Korean Feather Reed Grass Info – Learn How To Grow Korean Reed Grass
For a real jaw dropper, try growing Korean feather grass. This narrow clumping plant has architectural appeal combined with soft, romantic movement via its flower-like plumes. If you live in a deer grazing area, the plant is also not on that ruminants menu. If your interest is piqued, read on for more Korean feather reed grass info.
Korean Feather Reed Grass Info
Korean feather reed grass is scientifically described as Calamagrostis brachytricha. It is native to temperate Asia but performs well in gardens located through USDA zones 4 to 9. This hardy plant is a warm season grass that does most of its growth spring through summer. Unlike many ornamental grasses, this plant prefers a moist location. Try growing Korean feather grass around a pond, water feature or in an area with light afternoon shade.
This feather reed grass is medium sized at only 3 to 4 feet (.91 to 1.2 m.) tall. It
is a mounding grass with deeply green blades up to ¼ inch (.64 cm.) wide. In fall the foliage turns a light yellow, accenting the plumed inflorescences. In late summer, pink fluffy blooms rise above the foliage.
The plumes mature to tan as the seeds ripen and will last well into winter, providing unique vertical eye appeal and important wild bird food. Another name for the plant is foxtail grass due to these thick, plump plumes.
How to Grow Korean Reed Grass
Korean reed grass prefers partial to full shade. The grass will tolerate full sun if it receives adequate moisture. Soil may be almost any composition but should hold moisture and be fertile.
The plant self-seeds but is seldom a nuisance. Remove the plumes before the seeds become ripe if the plant spreads too readily.
Korean feather reed grass looks impressive when planted en masse or can stand alone in containers or perennial beds. This reed grass will perform exceptionally well around any water feature. Its roots are fibrous and most are near the surface of the soil, easily harvesting rainfall or irrigation water.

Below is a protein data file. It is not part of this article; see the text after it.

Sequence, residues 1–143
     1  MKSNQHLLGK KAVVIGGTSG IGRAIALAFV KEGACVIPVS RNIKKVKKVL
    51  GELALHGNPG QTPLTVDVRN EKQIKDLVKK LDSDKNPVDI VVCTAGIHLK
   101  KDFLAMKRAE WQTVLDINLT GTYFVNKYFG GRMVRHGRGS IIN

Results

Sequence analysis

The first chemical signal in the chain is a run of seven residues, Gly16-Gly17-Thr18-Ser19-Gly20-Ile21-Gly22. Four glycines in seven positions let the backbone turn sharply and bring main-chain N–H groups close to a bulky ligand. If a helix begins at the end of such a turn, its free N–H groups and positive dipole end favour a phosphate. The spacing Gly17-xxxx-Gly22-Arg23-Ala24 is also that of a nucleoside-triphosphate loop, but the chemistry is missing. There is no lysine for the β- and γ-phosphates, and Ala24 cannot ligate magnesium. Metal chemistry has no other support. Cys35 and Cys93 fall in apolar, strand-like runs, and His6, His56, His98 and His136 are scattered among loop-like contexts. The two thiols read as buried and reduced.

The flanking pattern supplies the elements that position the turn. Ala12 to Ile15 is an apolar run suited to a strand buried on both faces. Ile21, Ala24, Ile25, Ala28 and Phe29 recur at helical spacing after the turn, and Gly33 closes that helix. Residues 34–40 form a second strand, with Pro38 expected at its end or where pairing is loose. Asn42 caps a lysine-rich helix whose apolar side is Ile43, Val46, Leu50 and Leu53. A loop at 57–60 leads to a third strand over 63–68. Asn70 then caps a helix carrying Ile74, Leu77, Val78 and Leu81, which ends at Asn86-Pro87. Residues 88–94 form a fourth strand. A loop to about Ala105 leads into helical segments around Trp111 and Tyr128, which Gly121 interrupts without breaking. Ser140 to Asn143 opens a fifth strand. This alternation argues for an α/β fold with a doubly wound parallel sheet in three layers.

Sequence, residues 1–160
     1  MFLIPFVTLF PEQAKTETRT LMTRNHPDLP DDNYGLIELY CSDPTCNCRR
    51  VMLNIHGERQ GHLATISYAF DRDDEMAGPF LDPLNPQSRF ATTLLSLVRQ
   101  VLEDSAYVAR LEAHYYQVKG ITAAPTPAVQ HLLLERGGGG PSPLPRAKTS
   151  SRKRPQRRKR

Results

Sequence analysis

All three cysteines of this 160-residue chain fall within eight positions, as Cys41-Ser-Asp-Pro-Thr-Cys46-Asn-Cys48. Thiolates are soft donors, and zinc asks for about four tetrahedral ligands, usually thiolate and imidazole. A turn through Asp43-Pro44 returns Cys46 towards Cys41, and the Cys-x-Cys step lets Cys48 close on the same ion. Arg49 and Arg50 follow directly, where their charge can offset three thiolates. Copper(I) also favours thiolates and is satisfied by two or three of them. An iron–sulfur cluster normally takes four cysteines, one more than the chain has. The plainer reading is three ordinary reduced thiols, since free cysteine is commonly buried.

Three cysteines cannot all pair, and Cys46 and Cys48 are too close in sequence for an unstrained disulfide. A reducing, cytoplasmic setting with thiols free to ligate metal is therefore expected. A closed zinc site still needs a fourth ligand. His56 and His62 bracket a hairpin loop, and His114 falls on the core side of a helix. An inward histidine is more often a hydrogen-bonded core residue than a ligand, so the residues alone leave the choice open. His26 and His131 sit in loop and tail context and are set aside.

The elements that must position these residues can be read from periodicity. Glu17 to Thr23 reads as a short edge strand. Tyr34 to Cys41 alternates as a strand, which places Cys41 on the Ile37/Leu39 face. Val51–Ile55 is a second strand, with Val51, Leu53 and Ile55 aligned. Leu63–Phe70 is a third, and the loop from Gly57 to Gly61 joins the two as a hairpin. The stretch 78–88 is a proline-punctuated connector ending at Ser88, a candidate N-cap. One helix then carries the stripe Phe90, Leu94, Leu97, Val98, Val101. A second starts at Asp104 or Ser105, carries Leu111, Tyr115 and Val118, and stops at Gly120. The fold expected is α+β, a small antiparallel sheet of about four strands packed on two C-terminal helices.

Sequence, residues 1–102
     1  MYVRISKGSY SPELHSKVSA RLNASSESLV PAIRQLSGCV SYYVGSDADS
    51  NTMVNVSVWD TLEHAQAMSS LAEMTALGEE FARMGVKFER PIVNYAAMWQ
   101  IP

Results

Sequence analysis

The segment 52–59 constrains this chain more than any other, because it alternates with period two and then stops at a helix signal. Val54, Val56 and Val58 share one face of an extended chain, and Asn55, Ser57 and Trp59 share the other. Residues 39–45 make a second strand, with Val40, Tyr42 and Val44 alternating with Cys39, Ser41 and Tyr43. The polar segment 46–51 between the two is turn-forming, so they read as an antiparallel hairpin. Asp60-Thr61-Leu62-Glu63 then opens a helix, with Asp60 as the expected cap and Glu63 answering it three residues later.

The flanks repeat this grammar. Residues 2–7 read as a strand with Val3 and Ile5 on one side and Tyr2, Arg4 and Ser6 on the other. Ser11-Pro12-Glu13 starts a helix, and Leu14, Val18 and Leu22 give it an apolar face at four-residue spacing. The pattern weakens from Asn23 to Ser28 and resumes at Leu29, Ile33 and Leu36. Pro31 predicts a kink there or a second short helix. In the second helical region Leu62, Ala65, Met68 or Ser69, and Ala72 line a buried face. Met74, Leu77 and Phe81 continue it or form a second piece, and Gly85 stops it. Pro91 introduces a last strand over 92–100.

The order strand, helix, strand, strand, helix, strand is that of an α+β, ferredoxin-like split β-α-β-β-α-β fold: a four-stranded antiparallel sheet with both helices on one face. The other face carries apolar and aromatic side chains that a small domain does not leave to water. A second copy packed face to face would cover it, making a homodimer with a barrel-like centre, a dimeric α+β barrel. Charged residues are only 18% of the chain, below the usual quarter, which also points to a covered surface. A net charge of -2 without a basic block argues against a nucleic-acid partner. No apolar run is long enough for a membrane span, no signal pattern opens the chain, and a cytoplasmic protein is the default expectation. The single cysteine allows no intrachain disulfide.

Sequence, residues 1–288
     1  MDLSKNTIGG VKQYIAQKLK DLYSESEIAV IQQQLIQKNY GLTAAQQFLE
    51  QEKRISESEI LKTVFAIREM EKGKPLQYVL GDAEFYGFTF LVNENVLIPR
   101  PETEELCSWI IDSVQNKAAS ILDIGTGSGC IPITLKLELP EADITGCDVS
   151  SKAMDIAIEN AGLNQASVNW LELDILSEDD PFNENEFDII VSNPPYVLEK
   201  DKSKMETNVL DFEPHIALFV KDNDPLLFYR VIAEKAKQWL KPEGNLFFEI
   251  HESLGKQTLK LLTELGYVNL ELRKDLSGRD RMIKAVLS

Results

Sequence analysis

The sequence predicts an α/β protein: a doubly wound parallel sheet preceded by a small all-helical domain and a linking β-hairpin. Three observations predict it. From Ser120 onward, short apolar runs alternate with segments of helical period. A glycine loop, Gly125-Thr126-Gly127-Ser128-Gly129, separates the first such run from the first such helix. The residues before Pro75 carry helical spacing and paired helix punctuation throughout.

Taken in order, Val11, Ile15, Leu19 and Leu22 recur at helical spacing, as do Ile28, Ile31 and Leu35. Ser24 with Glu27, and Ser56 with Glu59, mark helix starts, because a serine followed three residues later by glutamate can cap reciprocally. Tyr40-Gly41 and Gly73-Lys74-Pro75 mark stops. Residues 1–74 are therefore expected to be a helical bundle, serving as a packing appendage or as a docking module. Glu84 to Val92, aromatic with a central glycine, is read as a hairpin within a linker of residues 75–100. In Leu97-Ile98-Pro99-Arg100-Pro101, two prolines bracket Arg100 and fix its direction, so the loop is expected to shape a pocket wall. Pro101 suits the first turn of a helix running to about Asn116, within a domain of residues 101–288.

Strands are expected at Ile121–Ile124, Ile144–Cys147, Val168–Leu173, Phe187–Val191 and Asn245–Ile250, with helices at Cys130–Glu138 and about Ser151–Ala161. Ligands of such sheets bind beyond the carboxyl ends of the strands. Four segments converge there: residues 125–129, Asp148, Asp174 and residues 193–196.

Care of Korean Feather Reed Grass
Korean reed grass is very low maintenance, a welcome trait in ornamental plants. It has few pest or disease problems, although fungal spots can occur in prolonged periods of wet, warm weather.
The flowery plumes last into early winter but take a beating in areas of heavy snow and wind. Lop them off with the rest of the foliage to within 6 inches (15 cm.) of the crown in late winter to early spring. Removing the battered leaves and flowering stems lets the new growth have room and enhances the appearance of the plant.
It was a beautiful weekend here in Wisconsin and I did not spend a single moment of it in the garden. That’s not a good thing. I should be taking advantage of good weather when I can to start sprucing up for fall.
Usually my fall gardening chores consist of weeding (the more weeding I do know, the fewer weed seeds will have a chance to take root in the garden) and cutting back a few things. But with the incredibly dry summer we’ve had, this year I’m concentrating most on watering. I want everything to be very deeply watered as we go into freezing temperatures. It’s already stressed, but if it went into winter dry, I suspect I’d lose a lot more plants.
So in between moving the sprinkler around (which seems to be the story of the summer), I paused for a moment to enjoy a plant that is really at its peak right now: Clamagrotis brachytricha (Korean feather reed grass).
I love grasses in the garden, but I like well-behaved grasses. Runners make me mad. I also like them to have four-season interest. They are great standing in the landscape all winter if you can keep them that way without folding over. I discovered Korean feather reed grass in Tracy Disabato-Aust’s book 50 High-Impact, Low-Care Garden Plants. I don’t know what became of Tracy. I went to a wonderful seminar by her several years ago, bought several of her books (all of which, I love by the way) and followed her blog, but I’ve heard nothing of her lately.
Anyway, I couldn’t be happier with this plant and I completely agree that it falls in the “high-impact, low-care” category. In fact, I’ve done absolutely nothing for it since I planted it last year other than watering it along with the rest of the garden and cutting it back in late winter. This one falls in my “highly recommended” list.